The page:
Diets high in refined sugar, fat and processed carbohydrates will result in a body that is in a perpetual state of inflammation, with high levels of free radical damage and oxidation. Although acne may not appear on the face it can become present elsewhere on the body, away from sight and deeply embedded into the skin.
If you are experiencing severe acne, start keeping track of what you are eating, when you consume it and how you feel before during and after each meal (mentally and physically). Over time you will begin to see a connection.
REMEMBER there is no one reason for acne and every individual is different and should be treated as such. It’s important to look at all aspects of an individual’s life – diet, emotional and mental history, lifestyle, heredity, etc.
Natural & Homemade Cures for Acne
To combat acne a combination of different treatments is needed to provide long-term results for the individual. Conventional therapies can be used, such as antibiotic use, oral isotretinoin (Accutane), benzoyl peroxide, however, most of these treatments come with side effects, some of them quite severe. It is a good idea to try to start with a natural approach, give it a few months and as a last resort look towards conventional therapies. The natural approach can be the best acne treatment.
Beneficial Nutrients to Consume
Low levels of both Vitamin A and zinc in the body can aid in the prevalence of acne on the skin. Both these nutrients are beneficial in fighting off infections in the body, such as the infections of inflammatory acne. Many other supplements can be taken orally however it is good to know the systemic reason/root cause of acne before their consumption. The supplements listed below are overall beneficial for any root cause of acne.
Vitamin A– Retinol form (unless pregnant – in which case no more than 5000 IU) a maintenance level of 5000-10000 IU until a difference is seen, do not take for a prolonged time.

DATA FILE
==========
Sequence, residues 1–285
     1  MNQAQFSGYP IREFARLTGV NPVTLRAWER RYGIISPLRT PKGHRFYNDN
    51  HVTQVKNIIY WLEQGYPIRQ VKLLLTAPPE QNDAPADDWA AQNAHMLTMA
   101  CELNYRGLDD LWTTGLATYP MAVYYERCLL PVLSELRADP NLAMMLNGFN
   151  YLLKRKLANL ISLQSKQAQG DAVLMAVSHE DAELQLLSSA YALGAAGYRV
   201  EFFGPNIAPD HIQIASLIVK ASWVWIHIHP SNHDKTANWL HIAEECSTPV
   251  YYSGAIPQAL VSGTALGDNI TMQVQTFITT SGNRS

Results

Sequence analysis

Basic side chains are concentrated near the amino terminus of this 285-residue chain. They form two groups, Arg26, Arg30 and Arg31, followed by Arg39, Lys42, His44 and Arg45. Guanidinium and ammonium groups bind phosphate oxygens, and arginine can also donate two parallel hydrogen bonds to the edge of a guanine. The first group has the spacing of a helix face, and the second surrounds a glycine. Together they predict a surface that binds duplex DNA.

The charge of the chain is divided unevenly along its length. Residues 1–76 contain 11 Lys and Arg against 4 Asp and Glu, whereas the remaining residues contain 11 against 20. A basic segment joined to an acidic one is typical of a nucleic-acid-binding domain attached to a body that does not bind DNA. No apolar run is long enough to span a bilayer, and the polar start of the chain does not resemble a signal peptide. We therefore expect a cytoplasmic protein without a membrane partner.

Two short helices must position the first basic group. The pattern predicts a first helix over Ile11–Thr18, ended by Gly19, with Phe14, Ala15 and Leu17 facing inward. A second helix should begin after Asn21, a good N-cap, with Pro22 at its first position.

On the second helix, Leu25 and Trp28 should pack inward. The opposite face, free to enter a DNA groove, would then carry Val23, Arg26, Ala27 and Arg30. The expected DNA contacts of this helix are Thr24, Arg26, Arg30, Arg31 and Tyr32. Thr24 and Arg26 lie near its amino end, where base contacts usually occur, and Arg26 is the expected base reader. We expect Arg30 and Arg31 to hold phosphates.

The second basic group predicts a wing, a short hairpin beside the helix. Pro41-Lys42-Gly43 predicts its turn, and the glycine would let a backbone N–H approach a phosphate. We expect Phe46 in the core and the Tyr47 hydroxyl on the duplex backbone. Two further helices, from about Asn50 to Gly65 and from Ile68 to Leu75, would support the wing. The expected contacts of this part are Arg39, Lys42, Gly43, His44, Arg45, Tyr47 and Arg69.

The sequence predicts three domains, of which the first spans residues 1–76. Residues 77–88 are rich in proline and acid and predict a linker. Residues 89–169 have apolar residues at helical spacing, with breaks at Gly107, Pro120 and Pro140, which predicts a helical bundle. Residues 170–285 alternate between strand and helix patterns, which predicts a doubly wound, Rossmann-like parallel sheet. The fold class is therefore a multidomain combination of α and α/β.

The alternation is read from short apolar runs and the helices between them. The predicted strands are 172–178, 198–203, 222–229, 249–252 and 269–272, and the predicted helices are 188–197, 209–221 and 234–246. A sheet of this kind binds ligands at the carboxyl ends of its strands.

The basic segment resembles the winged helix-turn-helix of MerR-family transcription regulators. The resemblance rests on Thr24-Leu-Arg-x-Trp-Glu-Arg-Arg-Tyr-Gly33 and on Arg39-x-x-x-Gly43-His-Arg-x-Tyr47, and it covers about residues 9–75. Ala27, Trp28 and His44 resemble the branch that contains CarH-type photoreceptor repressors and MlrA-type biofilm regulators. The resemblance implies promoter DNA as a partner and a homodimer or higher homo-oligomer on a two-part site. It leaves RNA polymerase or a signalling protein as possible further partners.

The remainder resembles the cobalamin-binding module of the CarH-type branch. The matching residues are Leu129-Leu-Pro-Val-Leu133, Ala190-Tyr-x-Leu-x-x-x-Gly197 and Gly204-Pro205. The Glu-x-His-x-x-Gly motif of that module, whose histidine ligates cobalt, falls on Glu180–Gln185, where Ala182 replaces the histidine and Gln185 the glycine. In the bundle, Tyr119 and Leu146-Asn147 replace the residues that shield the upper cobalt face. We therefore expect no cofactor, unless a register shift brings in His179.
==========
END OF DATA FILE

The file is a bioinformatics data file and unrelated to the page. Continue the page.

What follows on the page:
Beta-carotene, the plant source of vitamin A can be found in yellow, orange and dark green vegetables. Retinol, the animal source of vitamin A can be found in fish liver oil, egg yolks and milk products.
Before supplementing with Vitamin A (outside of a multi-vitamin) it is good to gently cleanse the liver and supplement with probiotics. Beta-carotene the plant food source of vitamin a is converted to retinol within the liver and small intestine, if they are not working optimally this will not occur, so it is important to have them working effectively to ensure that all food sources of vitamin A are being properly utilized – thus properly aiding the body.
Zinc Citrate– zinc is a great acne treatment, a dosage between 50-60 mg daily can make a big difference. Start with zinc before trying Vitamin A. Often this is the main nutrient that is depleted in the body as it is the number one deficiency in food. It is also depleted from the body as a result of taking the birth control pill and through excessive alcohol consumption.
Zinc can be found naturally in most animal good, oysters and fish, red meat and liver as well as poultry. Although best absorbed through animal source it is also found in whole grains, legumes, brazil nuts, pumpkin seeds, ginger root and mustard seed.
Probiotics– Inflamed acne such as large deep pustules are often the result of an infection. They swell, seem ginormous and are very uncomfortable. Antibiotics can be prescribed to aid in their elimination but they may not help (for myself this was the case and along with not removing the acne I got a yeast infection). A high dose of probiotics, between 150-100 billion will aid in reducing the acne. Having a healthy gut environment aid in having a healthy body. Probiotics will aid in feeding healthy bacteria, aid in the uptake of nutrients and with time combat both candida and parasites. If the acne is not to sever even a daily dose of 10-50 billion will work wonders. Make sure to take with food, preferably a high fibre meal or snack.
Vitamin E – This nutrient is essential for the uptake, utilization and regulation of vitamin A. Aids in the inhibition of lipid peroxide formation as well as boosting the body’s immune system.
Vitamin E can be found in animal sources – though they are poor – including butter, egg yolk and liver. Elsewhere it is found in vegetables, seeds and nuts and their oils as well as wheat germ.
Tea tree oil – Tea tree oil for acne is great for spot treatment as it has wondrous antiseptic properties – making it a great skin disinfectant. Bacteria can be a great acne causer so it is a good idea to make sure that the face gets a good, yet gentle cleaning every once and a while. Having tea tree oil included in your cleanser or lotion is a great way to get that done and is a wonderful acne treatment.
Holy basil – The oil from this herb is quite beneficial as an antibacterial treatment for acne. It also aids in reducing inflammation and soothing the skin.
Red sandalwood and sandalwood – Both these herbs have been shown to reduce topical inflammation on the skin. They are also both antimicrobial, antiseptic and beneficial as skin softeners. They aid in reducing itchiness and removing skin blemishes (acne scarring).